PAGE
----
Alternative names
Floppy; Decreased muscle tone; Hypotonic infant

Hypotonia involves decreased muscle tone. Infants with hypotonia seem floppy and feel like a “rag doll” does when held.


Hypotonia is often a sign of a worrisome abnormality and may suggest the presence of central nervous system dysfunction, genetic disorders, or muscle disorders.

Hypotonic infants rest with their elbows and knees loosely extended, while infants with normal tone tend to have flexed elbows and knees. Head control may be poor or absent in the floppy infant with the head falling to the side, backward, or forward.

Infants with normal tone can be lifted with the parent’s hands placed under the armpits, while hypotonic infants tend to slip between the hands as the infant’s arms rise unresistingly upward.

Common Causes

  • Down syndrome  
  • Myasthenia gravis  
  • Prader-Willi syndrome  
  • Kernicterus  
  • Cerebellar ataxia, congenital  
  • Myotonic dystrophy  
  • Infant botulism  
  • Familial dysautonomia (Riley-Day syndrome)  
  • Marfan’s syndrome  
  • Muscular dystrophy  
  • Achondroplasia  
  • Trisomy 13  
  • Sepsis  
  • Aicardi syndrome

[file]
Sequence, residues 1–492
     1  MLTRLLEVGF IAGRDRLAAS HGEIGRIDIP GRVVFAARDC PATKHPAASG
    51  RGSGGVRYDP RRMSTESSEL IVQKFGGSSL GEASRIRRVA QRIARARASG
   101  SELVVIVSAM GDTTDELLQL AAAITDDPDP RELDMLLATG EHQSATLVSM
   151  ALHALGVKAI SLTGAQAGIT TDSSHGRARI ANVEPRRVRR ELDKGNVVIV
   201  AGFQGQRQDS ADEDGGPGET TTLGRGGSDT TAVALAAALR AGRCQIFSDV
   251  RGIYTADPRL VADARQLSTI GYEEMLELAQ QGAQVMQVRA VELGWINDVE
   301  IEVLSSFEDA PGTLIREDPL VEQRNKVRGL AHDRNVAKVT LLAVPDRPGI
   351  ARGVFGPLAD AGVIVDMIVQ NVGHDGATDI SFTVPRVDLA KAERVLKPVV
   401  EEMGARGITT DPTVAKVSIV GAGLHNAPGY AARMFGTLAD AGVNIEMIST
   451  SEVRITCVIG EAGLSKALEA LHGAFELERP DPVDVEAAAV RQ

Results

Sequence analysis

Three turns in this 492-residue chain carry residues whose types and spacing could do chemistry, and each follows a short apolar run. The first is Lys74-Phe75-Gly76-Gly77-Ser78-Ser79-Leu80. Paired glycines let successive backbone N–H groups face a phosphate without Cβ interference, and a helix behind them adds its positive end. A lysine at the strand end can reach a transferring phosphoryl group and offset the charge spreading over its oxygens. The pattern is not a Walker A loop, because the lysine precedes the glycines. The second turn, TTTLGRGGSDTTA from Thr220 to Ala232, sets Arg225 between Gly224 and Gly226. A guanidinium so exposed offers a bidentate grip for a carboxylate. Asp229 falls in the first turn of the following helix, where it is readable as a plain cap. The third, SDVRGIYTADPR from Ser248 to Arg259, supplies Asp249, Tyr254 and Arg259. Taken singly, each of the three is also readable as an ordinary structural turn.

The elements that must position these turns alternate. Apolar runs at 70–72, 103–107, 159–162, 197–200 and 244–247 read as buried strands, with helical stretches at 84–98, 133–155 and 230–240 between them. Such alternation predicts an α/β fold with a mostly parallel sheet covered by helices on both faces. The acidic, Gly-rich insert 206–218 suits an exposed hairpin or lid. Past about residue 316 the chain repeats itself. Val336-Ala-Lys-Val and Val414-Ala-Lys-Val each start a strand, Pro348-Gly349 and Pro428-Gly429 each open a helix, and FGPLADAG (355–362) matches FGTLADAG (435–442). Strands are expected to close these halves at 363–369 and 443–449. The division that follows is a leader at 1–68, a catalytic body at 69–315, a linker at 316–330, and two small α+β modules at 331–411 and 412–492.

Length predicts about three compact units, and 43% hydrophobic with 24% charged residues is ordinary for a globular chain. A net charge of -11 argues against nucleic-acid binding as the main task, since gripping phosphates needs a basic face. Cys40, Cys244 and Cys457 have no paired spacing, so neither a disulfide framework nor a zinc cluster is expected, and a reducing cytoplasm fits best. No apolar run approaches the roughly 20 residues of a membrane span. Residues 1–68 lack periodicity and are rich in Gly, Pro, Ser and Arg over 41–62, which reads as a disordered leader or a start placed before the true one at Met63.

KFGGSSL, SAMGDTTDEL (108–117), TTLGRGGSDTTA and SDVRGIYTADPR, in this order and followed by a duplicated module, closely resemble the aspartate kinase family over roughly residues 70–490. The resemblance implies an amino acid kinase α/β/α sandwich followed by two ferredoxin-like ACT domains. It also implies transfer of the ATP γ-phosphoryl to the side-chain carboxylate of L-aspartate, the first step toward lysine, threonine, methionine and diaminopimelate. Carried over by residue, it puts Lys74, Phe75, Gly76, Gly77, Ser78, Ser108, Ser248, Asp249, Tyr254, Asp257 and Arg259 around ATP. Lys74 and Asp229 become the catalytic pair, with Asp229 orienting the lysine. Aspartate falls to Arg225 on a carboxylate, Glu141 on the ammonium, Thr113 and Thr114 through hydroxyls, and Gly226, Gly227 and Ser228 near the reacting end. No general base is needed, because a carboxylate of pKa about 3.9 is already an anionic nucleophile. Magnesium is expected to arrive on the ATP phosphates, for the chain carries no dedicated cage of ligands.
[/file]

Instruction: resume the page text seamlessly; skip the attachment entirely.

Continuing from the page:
• Canavan disease  
  • Congenital hypothyroidism  
  • Hypervitaminosis D  
  • Krabbe disease  
  • Menkes syndrome  
  • Metachromatic leukodystrophy  
  • Methylmalonic acidemia  
  • Rickets  
  • Spinal muscular atrophy type 1 (Werdnig- Hoffman)  
  • Tay-Sachs disease  
  • Vaccine reaction

Home Care

Extra care must be taken when lifting and carrying a hypotonic infant to avoid causing an injury to the child.

Call your health care provider if

Call if your child appears “floppy”, especially if he or she previously seemed to have normal muscle control.

What to expect at your health care provider’s office

The family history and the child’s medical history will be obtained. A physical examination will be performed. Most of the disorders associated with hypotonia also cause other symptoms that, when taken together, will suggest a particular disorder.

Medical history questions may include:

  • When did you first notice that your baby seemed floppy?  
  • Was it apparent at birth?  
  • Did it develop suddenly or gradually?  
  • Have you ever noticed a pattern to the behavior (is it always the same or is it worse at certain times)?  
  • How exactly does the child act?  
  • Is the child generally limp, or only floppy in certain areas?  
  • What other symptoms are present?

The physical examination will probably include a detailed nervous system and muscle function examination.

Diagnostic tests will vary depending on the suspected cause of the hypotonia.

Johns Hopkins patient information

Last revised: December 2, 2012
by Arthur A. Poghosian, M.D.

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All ArmMed Media material is provided for information only and is neither advice nor a substitute for proper medical care. Consult a qualified healthcare professional who understands your particular history for individual concerns.